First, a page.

Alexa
  • Directory of Taiwan

Former series champion Tracy may miss out on unification

Former series champion Tracy may miss out on unification

Canadian driver Paul Tracy, the biggest name in the soon-to-be-gone Champ Car World Series, is without a ride for 2008.
A spokesman for Gerald Forsythe, co-owner of Champ Car and owner of Forsythe Championship Racing, said on Thursday the team will no longer race Indy Cars and will instead compete only in the developmental Atlantic Series.
That apparently leaves former series champion Tracy, who was hoping to move to the Indy Racing League in the long-awaited unification of America's two open-wheel series, looking for a ride.
"It kind of leaves me hung out," Tracy said in a telephone interview with The Associated Press. "I just got the information, too. ... Now I have some legal issues to jump through with this. I need to step back with my management and sort through my contract, which has a buyout."
Neil Micklewright, vice president of operations for the Forsythe team, said in a statement the team had been unable to secure the necessary sponsorship to be able to compete in the IRL IndyCar Series this season.
The 39-year-old Tracy said that once he was free from contractual obligations with Forsythe, he wants to sign with another team as quickly as possible.
"I want to be part of the new series," said Tracy, who won the 2003 CART championship, Champ Car's predecessor. "I'm a race car driver and I love open-wheel racing. I want to be in a competitive situation, to be able to win races and run for the championship."
Tracy could have one more ride in the Forsythe Champ Car.
Micklewright said the team would participate in the April 20 Toyota Grand Prix of Long Beach, which will be the final race run with Champ Car equipment. But Micklewright added that the team's drivers for that race would be announced later.
The IRL teams will race in Japan that week and officials were unable to move either race date. Instead, they agreed to run both races, having the Champ Car series, using a skeleton staff, run what would have been its season-opener. Points earned at Long Beach will count toward the IRL championship.
As both open-wheel series struggled to draw fans and attract sponsors, Champ Car has lost many of its biggest stars in recent years to the IRL, European racing and NASCAR. Most recently, four-time series champion Sebastien Bourdais of France left at the end of 2007 to drive in Formula One.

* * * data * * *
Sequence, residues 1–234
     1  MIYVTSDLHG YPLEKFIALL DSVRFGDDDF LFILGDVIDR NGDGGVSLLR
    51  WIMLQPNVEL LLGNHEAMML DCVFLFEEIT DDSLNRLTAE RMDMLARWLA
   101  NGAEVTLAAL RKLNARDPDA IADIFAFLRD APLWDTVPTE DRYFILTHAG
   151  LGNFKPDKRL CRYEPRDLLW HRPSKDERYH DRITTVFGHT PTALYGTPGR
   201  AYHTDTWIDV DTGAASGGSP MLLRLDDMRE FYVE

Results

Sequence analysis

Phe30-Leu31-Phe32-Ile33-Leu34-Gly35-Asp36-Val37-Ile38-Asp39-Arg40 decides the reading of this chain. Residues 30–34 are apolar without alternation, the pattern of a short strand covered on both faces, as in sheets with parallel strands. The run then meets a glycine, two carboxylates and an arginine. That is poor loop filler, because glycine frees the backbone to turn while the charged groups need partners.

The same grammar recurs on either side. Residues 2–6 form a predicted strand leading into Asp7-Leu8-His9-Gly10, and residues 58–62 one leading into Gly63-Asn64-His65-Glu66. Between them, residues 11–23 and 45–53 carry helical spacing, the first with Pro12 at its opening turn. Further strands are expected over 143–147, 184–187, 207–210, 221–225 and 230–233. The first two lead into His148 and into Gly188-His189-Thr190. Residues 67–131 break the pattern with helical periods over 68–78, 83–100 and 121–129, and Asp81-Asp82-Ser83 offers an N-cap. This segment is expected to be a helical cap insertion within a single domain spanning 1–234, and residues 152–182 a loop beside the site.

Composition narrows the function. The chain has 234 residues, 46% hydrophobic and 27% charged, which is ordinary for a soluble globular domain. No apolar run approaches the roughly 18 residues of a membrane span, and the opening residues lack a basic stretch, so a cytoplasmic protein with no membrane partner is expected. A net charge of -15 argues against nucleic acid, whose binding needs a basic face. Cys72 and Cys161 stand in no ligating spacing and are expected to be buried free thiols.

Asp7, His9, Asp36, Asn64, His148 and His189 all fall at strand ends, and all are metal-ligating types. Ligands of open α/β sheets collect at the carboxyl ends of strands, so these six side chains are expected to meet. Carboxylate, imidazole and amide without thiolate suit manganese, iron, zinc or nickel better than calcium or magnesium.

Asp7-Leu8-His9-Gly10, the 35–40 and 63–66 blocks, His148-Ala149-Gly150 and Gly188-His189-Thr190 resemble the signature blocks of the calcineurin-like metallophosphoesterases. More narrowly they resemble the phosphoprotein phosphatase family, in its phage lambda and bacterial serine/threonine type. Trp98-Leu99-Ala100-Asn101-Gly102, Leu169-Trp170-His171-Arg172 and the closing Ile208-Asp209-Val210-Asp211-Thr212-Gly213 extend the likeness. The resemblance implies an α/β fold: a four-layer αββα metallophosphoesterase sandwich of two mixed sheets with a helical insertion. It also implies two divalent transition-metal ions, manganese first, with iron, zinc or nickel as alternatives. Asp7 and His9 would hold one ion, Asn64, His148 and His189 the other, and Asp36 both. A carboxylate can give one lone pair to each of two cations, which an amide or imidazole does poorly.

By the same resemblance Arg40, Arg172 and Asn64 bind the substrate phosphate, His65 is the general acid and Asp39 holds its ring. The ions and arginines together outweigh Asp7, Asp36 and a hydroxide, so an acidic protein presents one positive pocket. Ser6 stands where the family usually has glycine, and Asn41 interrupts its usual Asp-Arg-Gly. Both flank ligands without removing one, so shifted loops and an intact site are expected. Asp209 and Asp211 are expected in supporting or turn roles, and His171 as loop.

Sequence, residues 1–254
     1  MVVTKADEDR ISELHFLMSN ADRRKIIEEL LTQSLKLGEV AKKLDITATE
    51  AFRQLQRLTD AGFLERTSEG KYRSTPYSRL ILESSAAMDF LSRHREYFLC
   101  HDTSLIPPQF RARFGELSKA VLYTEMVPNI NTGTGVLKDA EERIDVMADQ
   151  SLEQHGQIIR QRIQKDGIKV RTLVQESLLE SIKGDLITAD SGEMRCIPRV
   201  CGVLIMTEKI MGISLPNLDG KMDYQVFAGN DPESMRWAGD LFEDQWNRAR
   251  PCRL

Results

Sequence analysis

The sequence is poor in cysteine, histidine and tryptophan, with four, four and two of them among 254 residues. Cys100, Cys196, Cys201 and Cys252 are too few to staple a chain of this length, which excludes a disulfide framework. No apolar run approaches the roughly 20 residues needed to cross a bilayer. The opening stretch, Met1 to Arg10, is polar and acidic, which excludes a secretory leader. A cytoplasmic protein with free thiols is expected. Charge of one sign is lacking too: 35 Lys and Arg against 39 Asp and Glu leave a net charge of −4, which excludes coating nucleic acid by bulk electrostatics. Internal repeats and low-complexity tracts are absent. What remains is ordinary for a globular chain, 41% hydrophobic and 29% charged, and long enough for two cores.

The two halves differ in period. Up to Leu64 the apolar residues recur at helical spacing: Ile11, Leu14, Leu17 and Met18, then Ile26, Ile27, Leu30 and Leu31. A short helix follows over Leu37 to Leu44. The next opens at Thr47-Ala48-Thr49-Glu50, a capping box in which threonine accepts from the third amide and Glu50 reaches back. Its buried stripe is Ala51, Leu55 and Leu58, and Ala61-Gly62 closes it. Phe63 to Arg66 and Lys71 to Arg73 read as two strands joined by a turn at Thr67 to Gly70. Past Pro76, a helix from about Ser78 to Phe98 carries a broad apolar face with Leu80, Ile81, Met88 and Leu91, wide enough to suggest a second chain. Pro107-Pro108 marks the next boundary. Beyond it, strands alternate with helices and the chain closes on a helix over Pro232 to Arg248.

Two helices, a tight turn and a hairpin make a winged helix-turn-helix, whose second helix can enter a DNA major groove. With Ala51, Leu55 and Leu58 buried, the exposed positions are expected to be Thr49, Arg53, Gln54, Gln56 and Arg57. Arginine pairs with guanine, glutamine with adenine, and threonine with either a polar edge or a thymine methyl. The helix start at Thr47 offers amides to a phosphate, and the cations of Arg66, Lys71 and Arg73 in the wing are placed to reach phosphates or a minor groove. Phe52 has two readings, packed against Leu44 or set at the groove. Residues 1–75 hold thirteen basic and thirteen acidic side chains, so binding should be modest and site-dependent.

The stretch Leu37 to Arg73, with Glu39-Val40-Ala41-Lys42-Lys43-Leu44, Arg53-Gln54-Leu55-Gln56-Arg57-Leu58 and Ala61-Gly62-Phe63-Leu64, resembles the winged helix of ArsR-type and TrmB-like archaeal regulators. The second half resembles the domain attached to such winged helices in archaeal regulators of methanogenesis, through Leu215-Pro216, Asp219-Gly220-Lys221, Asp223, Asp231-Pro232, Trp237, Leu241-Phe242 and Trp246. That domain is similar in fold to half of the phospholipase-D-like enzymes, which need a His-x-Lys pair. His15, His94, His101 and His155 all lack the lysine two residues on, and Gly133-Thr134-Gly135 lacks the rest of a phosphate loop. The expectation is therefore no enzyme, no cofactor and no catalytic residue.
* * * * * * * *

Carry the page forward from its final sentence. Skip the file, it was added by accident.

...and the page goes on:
Other than Tracy, who leads all active drivers in the series with 31 victories, the biggest name remaining in Champ Car is 19-year-old Graham Rahal, son of former Indianapolis 500 winner and three-time CART champion Bobby Rahal.
Rahal, who was Bourdais' teammate, will move to the IRL with eight-time series champions Newman/Haas/Lanigan Racing.
The Atlantic Series was part of the Champ Car World Series but was not included in the unification agreement with the IRL that was signed by Forsythe, Champ Car co-owner Kevin Kalkhoven and Tony George, founder of the Indy Racing League.
Kalkhoven said on Wednesday that the Atlantics are now co-owned by him and Forsythe and will run an independent 12-race schedule. But Kalkhoven and Jimmy Vasser, another former open-wheel champion, will move their team, KV Racing, to the IRL's IndyCar Series in 2008, along with all of the other former Champ Car teams with the exception of Forsythe.
Meanwhile, the IRL announced that it will hold special test sessions for the Champ Car teams that are making the move to the IndyCar Series on March 19-20 on the road circuit at Sebring International Raceway and March 24-25 on the oval at Homestead.
The season-opening race is on March 29 at the Homestead track.
Eight to 12 cars from Champ Car are expected to be added to the grid for the opener.
The deal to unify includes George's offer to the former Champ Car teams of a free Honda engine leasing program, two Dallara chassis and $1.2 million (euro790,000) in team incentives that are also offered to the ongoing IRL teams.


Updated : 2021-07-25 17:28 GMT+08:00